Refractory genes

Frenchman Jean-Baptiste de Lamarck, who lived in the 18th century, was wrong but nonetheless close to right. In his evolutionary theory, he claimed that genetic traits can be acquired and passed down. When Charles Darwin published his theory of evolution in 1859, Lamarck’s ideas were rejected. Most of us have learnt in school that our DNA is the same in all our cells that we cannot influence our genes. Over the past few decades, however, researchers have begun to see that this is not the case; the cells of the body can activate and deactivate genes, which means that the function of the cells can be altered. This is called epigenetics, and there is a lot of evidence to suggest that environmental factors, stress, diet and lifestyle can affect epigenetics and thus harm – or improve – your health. What you do today and how you live can also leave traces in your children’s genes.


A human has one billion cells with cell nuclei where our chromosomes are found. The chromosomes are made up of deoxyribonucleic acid, DNA, a molecule that bears our genetic information. Two-metre-long strands of DNA lie closely packed in every cell and every chromosome has an identical copy; they are therefore counted in pairs. One chromosome in the pair comes from the mother and the other from the father. Humans usually have 23 pairs, but when chromosomes were first identified in the 19th century, it was presumed that there were 48 of them. The 1933 Nobel Prize in Medicine went to Thomas B. Morgan for his discovery that chromosomes were made up of our genes, but it was not until 1956 that Lund University researcher Johan Albert Levan and American Joe Hin Tjio finally worked out the actual number.

The State Institute for Racial Biology

A dark chapter in Swedish history was written on Friday, 13 May 1921. The Swedish Government decided, without a vote and with broad political support, to establish the State Institute for Racial Biology. The institute was to strive for a solid theoretical foundation for a eugenic and rational population policy. The director of the institute was Herman Lundborg, who gained a PhD in Medicine from Lund University in 1902. His contributions to ‘science’ included popular science works such as Rasbiologi och rashygien (Racial Biology and Racial Hygiene, 1914), Svensk raskunskap (Swedish Race Studies, 1927) and Västerlandet i fara (The West in Danger, 1934).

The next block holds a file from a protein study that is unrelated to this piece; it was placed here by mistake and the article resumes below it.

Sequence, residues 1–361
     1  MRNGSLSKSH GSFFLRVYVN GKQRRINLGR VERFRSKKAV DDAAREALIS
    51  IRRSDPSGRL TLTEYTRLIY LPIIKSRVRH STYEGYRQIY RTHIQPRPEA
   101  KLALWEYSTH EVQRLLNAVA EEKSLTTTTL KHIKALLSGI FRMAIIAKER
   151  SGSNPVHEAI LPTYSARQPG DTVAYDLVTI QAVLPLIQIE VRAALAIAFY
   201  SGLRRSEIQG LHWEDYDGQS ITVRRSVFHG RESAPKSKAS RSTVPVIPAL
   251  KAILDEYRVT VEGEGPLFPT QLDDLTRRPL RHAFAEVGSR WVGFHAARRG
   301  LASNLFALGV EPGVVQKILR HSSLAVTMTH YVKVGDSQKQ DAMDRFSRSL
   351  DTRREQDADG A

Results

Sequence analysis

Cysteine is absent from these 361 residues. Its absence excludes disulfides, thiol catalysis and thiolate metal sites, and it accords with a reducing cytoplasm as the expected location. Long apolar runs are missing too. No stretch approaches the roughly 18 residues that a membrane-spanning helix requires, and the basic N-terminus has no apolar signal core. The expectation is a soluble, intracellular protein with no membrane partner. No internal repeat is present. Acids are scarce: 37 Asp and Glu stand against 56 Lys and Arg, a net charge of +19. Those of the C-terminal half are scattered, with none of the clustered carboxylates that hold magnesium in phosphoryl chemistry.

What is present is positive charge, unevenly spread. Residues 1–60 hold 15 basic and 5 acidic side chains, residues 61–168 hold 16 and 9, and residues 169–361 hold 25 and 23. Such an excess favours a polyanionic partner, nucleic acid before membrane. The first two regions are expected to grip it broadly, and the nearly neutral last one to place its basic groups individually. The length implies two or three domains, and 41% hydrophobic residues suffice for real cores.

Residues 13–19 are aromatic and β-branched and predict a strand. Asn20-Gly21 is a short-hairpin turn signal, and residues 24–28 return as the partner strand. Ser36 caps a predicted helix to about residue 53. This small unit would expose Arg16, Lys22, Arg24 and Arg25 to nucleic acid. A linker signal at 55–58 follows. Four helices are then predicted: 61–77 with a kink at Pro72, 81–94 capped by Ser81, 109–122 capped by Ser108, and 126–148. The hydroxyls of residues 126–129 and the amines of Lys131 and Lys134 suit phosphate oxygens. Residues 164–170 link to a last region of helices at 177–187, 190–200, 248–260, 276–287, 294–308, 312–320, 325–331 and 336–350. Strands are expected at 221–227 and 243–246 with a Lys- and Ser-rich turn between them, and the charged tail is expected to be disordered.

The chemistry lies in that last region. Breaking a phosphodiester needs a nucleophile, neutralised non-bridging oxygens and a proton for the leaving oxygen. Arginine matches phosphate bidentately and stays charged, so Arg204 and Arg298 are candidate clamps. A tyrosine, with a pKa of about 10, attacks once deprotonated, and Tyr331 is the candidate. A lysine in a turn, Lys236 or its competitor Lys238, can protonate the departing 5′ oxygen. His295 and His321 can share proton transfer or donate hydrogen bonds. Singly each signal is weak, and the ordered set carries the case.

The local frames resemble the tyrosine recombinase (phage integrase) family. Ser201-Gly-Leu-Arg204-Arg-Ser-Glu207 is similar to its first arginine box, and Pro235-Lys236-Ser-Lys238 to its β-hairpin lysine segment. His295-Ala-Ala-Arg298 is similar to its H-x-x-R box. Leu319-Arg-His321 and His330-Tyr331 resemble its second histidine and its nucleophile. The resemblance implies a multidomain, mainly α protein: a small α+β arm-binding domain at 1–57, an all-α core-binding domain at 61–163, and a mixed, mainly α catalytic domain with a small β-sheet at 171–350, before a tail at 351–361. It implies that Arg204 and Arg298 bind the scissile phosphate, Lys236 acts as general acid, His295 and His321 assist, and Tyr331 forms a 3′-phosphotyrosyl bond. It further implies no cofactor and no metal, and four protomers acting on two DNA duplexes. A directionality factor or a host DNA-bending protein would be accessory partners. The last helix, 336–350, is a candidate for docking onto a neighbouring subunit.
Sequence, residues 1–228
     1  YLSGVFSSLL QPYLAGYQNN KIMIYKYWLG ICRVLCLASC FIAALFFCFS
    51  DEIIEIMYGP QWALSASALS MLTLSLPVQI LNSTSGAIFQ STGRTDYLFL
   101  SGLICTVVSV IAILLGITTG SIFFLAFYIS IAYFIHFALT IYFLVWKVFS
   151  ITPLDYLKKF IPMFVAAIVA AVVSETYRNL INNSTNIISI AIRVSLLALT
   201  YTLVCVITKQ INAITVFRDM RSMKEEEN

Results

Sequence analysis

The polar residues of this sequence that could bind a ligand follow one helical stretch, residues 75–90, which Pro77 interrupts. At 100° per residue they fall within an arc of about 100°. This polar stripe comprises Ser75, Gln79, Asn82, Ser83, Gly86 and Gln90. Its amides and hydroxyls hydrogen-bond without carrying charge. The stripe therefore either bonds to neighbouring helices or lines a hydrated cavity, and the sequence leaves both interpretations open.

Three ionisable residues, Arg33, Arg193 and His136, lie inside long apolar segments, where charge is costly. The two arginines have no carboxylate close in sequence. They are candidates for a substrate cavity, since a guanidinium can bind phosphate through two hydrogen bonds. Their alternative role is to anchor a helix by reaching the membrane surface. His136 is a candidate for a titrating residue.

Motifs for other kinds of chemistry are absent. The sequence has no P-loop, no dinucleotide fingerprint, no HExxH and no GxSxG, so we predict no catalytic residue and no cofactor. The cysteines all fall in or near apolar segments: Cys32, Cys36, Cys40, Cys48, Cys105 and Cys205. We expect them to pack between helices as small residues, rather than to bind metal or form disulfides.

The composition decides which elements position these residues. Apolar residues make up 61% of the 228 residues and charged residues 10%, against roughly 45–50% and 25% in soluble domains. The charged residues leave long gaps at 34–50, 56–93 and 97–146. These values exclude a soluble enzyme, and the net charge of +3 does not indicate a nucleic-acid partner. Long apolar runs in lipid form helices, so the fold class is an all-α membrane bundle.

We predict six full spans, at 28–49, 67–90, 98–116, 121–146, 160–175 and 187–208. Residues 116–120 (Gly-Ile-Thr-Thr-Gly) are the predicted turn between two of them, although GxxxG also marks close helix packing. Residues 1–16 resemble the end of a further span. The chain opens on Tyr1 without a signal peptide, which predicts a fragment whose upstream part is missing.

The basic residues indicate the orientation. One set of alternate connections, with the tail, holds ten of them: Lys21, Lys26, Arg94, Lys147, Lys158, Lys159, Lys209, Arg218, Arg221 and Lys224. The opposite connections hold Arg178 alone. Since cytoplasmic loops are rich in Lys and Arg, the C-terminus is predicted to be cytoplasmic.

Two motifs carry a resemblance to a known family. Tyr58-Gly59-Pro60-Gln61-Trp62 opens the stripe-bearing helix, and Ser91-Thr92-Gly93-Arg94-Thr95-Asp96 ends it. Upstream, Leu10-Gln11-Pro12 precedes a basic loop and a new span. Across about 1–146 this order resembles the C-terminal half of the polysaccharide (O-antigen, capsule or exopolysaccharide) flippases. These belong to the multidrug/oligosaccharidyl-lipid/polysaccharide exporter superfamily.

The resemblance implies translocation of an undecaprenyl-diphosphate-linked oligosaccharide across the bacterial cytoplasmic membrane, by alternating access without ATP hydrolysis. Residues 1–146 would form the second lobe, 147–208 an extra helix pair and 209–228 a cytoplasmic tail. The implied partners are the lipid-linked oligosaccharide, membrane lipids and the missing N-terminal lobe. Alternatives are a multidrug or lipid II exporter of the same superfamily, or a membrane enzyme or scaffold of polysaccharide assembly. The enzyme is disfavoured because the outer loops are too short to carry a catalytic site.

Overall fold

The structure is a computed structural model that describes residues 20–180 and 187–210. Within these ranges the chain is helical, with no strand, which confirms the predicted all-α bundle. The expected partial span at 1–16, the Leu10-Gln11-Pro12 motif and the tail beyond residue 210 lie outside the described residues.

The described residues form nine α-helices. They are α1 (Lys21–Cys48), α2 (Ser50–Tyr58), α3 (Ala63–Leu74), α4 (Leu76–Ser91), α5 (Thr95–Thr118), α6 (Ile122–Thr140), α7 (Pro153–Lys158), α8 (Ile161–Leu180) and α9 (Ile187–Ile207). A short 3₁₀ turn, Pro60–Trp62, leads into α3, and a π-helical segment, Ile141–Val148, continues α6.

After causing great pain and sorrow to the Swedish people through a systematic campaign of forced sterilisation, among other things, the institute was finally closed in 1959. Its activities still leave a discordant echo in modern Swedish society, having reinforced false ideas in the name of science and with government support for 28 years.


DDT was discovered in 1874 by German chemist Othmar Zeidler, and the discovery was independently repeated by Dr Paul Muller in 1939. Dr Muller found in DDT the perfect weapon against malaria, typhus and other insect-borne diseases, and his discovery won him the Nobel Prize in 1948. Just a few years after the miracle substance was being praised to the skies, attention was drawn to the silence in fields sprayed with the pesticide. The disappearance of the birds was a clear reaction in the ecosystem. This reaction was highlighted by environmental activist, author and marine biologist Rachel Carson, who wrote the bestseller Silent Spring, which came out in 1962. In the book, she revealed the dark side of the miracle substance, which prompted a rapid response from politicians around the world. In 1970, the first restrictions on the use of DDT were introduced, and in 1975 its use was completely banned on Swedish farmland.

Text: Bodil Malmström, Lisa Thelin, Pia Romare

Illustration: Catrin Jacobsson

Published: 2014